Getting Started with Veeam Backup & Replication v7

Come one, come all virtualization geeks, the latest installment of Veeam‘s excellent Backup & Replication suite has arrived.  As noted in lots of places, v7 boasts a boatload of new and new-to-them features that the community has been requesting for some time.  Among these are a few that I am quite excited about as they should in theory make my job as an admin easier; built in WAN acceleration, support for tape libraries, a vSphere Web Client Plugin, and the ability to create backup copy jobs to support your basic Grandfather-Father-Son backup strategy without external help. Among the biggies are:

  • Built in WAN acceleration * – will be great for me, I’ll only need to take one backup of each VM a night now (didn’t like the rsync or xcopy methods).
  • Ability to take backups from storage snapshots * (as long as you have HP Storage devices)- According to Veeam, should be high performance, capable of near continuous data protection without impacting production performance
  • Plugin for the vSphere Web Client * – manage Veeam directly from within the vSphere Web Client
  • Self Service Recovery * – Let them eat cake!
  • Tape Library Support – Straight to tape from Veeam as long as it can directly see it.  This has been requested for a while
  • Virtual Labs for Hyper-V – Us VMware guys don’t get to have all the fun now, you can now sandbox and test backups in Hyper-V now too.
  • Parallel Processing of VMs and disks within VMs
  • Backup Copy Jobs – Built in ability to create a Grandfather-Father-Son policy on per VM and per Job basis.

* These items require the new Enterprise Plus licensing level.  While Veeam is currently giving existing customers free upgrades from Enterprise to Enterprise Plus, understand that taking the upgrade will make your support contract cost more.

There are a great deal of other new features, for more please take a look at their what’s new in v7 document.

I’ve got it installed myself and so far I am impressed.  The installation went very smoothly both on Windows Server 2008 and 2012, with a minor hiccup with the Enterprise Manager required components install requiring a reboot midway, Veeam didn’t know how to handle that so I had to cancel install, reboot, and then begin again. Along the way I learned that the Search Server (capability to search within your backup files for a give guest file) has now been built into the Enterprise Manager component, which is nice, especially if you remember to turn on the guest file system indexing setting in your jobs. 🙂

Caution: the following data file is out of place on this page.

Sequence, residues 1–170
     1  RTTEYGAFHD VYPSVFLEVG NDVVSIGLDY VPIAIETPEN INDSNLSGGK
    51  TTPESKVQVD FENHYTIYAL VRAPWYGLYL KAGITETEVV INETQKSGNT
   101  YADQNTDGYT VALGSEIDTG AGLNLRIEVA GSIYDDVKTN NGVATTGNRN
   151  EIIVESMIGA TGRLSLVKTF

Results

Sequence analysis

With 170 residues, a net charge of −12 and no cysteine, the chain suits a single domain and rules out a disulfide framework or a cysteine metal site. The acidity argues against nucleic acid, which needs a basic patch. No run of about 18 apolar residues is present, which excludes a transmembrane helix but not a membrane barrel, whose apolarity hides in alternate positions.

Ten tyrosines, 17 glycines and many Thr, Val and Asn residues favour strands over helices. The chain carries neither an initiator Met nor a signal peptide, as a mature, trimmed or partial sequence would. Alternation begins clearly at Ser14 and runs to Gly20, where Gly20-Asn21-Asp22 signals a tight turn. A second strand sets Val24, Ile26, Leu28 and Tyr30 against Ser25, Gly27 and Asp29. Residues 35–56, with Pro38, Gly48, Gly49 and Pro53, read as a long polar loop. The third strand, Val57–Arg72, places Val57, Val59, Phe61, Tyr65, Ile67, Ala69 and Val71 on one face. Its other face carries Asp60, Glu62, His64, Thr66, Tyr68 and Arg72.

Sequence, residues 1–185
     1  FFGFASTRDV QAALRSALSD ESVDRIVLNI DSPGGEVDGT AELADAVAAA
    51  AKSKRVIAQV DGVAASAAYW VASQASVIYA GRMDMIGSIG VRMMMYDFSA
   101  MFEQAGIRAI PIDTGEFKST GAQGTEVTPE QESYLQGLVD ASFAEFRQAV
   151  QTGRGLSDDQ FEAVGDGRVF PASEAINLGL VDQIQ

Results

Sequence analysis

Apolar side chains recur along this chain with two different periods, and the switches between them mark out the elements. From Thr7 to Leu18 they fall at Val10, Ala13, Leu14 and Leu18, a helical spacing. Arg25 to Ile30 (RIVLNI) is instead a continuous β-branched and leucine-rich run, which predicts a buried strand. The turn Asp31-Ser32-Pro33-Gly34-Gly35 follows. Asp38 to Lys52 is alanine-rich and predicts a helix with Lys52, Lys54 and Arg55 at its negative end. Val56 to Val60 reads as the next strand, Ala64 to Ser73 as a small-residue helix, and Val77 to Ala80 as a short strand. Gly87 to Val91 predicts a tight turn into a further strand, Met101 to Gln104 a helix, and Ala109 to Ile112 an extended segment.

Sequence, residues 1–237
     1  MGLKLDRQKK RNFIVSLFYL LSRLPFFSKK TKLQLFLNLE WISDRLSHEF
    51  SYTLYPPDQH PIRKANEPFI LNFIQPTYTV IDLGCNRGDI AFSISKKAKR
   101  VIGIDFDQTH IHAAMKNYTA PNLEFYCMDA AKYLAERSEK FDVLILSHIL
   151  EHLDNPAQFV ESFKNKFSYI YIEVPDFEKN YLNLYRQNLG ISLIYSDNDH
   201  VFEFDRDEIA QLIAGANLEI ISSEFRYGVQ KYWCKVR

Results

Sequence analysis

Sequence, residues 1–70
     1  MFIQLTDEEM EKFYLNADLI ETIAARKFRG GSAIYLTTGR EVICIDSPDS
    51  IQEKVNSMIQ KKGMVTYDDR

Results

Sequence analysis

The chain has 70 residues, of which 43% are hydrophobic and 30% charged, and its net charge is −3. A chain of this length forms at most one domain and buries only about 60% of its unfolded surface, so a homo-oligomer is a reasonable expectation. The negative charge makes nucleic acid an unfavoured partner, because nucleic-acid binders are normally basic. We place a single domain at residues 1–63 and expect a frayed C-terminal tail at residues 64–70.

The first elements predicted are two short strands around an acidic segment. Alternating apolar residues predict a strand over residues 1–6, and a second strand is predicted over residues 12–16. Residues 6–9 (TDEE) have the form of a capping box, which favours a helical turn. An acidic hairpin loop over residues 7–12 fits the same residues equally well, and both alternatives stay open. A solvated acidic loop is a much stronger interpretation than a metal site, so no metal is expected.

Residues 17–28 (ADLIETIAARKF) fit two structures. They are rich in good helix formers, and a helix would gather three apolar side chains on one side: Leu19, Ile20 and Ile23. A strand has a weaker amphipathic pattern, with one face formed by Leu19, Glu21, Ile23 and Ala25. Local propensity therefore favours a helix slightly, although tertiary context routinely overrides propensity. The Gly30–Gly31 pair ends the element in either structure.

So What’s Missing?

While I am extremely happy with the obvious work that the guys at Veeam have put into this release, there are still things I wish they would get around to.  I would love to see some kind of capability in regards to physical servers, even if it is nothing more than file synchronization jobs.  Many if not most of us systems guys who manage a virtualized environment still have at least a couple physical boxes around that for one reason or another can’t or won’t be virtualized. In my case this includes a system that houses a 69 GB flat file database that is slow when virtualized no matter what we do as well as an assortment of SOHO domain controller/ file servers that because of their size and the number of people they support it doesn’t make sense to pay to setup them up virtually.  The other alternative is to manage some kind of “other” backup facility for these servers, which makes it a bit of a pain.

Further I see that the delete restore points of no longer managed VMs is still just a number of days thing, rather than having the option to turn it completely off. At no point should any backup software remove data from a backup chain without the backup admin expressly requesting the process to happen.

So What’s Next?Veeam Backup Infrastructure DiagramBecause of the capabilities the WAN Accelerator and Backup Copy Jobs now give me, I’m taking a look at completely restructuring the way that I manage my backups.  After reading documentation and working it out for myself the data flow should look something like shown to the right.  If you see any holes in what I’ve done please feel free to comment or let me know in other ways.

I’m also going to soon be working on moving the test environment to production, with the most noticeable change being the move my production backup infrastructure from Windows Storage Server 2008 to Windows Server 2012 Standard.  Why you may ask?  Server 2012 now include the ability to do volume level deduplication, something that when paired with Veeam’s already built in deduplication process should equal some pretty serious disk real estate savings.  As a test launch I’ve setup dedupe on a VM and copied approximately 250 GB of backup files over to it.  The result afterwards is Windows saved me about 10%, less than Veeam is claiming, but better than nothing.  I think when I throw some of the bigger jobs at it I will see that percentage go up.  Veeam has a good article with video about the process and I’ll have a blog on how to get Server 2012 deduplication up either here or over on 4sysops soon.